A bit of a 'do' this pm at Westminster Cathedral.

We saw the man who does the Bidding Prayers in Pothmadog, who is either a Headmaster or just has the presence of one. Last time we went there they went BP1 Pope Benedict. BP2 'that this country may return to the Faith' etc.

The winner of the 2009 National Eisteddfod U12 Cerdd Dant sang a poem about St JR. We sat right by where she was singing and it was worth going just to hear her voice.

Various other Welsh glitterati were there and Rowan Williams spoke.

Anglicansism to me seems to start by saying what I'm thinking, tell me it's too naive/simplistic, then tie me up in knots and finish proposing that we be joyous, whilst sounding unconvinced and disapointed.

I'm just not hard-wired that way.

And the rest shall be glossed over.

The singing was mighty and bilingual. The sound was undimmed whether it be singing through the medium of English or Welsh.

As I hesitated over whether this 'y' was i, u or ee, others were singing with gusto and in SATB, for the music was printed in our booklets. The Welsh; bilingual and able to read music.

PS My Greatgrandmother had a greengrocer's shop in Traws, so this is local. Not just a lake and a Magnox Nuclear Reactor, y'know.

Friday 16 July 2010

A Meme

Apparently, that mag we don't read, some of us because our PP doesn't have it at the back of the Church and you can't even read it on-line for free, that one, is running a series on, 'What would you say to the Pope, if you had a Private Audience with him?'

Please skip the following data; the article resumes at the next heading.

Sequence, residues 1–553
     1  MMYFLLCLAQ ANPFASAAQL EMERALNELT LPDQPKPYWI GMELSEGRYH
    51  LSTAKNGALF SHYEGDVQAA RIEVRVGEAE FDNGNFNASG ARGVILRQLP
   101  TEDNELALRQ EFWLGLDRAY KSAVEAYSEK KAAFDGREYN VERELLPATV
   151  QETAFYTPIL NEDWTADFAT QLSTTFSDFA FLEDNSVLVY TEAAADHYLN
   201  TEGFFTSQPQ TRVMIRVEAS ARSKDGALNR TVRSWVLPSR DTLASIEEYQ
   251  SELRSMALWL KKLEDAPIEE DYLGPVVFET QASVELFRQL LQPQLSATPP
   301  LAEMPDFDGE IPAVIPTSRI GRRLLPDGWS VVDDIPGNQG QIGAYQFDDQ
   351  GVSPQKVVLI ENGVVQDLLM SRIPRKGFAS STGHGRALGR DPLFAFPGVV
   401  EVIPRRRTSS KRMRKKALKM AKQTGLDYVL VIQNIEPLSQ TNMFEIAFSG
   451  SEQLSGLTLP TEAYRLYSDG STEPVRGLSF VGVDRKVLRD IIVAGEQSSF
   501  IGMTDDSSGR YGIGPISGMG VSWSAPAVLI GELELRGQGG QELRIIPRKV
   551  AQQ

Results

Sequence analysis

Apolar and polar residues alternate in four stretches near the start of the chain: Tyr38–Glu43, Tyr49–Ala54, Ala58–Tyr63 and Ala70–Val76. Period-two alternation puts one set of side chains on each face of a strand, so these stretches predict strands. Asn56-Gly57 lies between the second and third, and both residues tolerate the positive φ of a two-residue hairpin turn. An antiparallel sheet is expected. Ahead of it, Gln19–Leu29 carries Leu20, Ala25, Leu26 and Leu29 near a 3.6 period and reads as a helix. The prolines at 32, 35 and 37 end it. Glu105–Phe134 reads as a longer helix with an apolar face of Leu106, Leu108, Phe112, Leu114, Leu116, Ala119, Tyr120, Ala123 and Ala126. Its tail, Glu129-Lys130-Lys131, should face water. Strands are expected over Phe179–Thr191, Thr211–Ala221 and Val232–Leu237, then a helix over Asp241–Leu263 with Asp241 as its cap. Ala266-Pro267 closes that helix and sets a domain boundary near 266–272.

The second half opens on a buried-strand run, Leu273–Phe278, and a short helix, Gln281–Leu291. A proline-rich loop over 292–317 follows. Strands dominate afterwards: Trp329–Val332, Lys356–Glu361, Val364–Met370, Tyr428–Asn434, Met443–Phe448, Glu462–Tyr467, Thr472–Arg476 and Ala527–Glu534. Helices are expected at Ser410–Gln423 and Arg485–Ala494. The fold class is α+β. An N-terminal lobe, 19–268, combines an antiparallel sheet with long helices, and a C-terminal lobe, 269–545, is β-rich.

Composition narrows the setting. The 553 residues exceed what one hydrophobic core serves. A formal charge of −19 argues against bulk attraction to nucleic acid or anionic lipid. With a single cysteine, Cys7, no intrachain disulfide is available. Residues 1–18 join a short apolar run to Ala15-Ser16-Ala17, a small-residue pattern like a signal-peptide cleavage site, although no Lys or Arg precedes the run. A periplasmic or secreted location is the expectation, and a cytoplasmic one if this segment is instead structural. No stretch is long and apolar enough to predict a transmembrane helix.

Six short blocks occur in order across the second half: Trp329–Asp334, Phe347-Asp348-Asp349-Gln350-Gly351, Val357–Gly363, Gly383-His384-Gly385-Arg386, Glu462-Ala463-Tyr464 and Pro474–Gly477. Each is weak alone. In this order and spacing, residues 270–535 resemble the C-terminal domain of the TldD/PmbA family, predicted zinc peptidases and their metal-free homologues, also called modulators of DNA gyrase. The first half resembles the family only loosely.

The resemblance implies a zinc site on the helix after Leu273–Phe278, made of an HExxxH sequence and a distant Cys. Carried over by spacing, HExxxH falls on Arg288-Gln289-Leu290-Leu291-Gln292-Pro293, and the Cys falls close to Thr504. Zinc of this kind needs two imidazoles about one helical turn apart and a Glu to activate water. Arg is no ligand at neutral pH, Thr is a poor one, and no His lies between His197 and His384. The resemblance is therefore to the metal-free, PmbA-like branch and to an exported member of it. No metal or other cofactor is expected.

I'll kick off.

Nothing. I'd just listen and hope I didn't do anything too stupid.

Any better ideas?

Wednesday 14 July 2010

Tuesday 13 July 2010

Trying to get it right, only for it to go wrong

In my previous incarnation as the Head of Music in a Catholic Secondary School, oh so many times did I play the introduction for a hymn, only to be the only person in a School Hall or Church to actually sing the first verse. This is the musical equivalent of being punched in the face by 400 people. (No, I've never even been punched in the face by one person, I'm just guessing.)

On the flip side, at WYD 2000, I seem to remember someone doing a hymn practice for 2.1 million people on the Sunday Morning, saying that we would get so much more out of it if we all sang. As I munched on my pilgrim biscuits, bleary eyed, I wondered at how like me that guy sounded. Slightly pleading, slightly exasperated.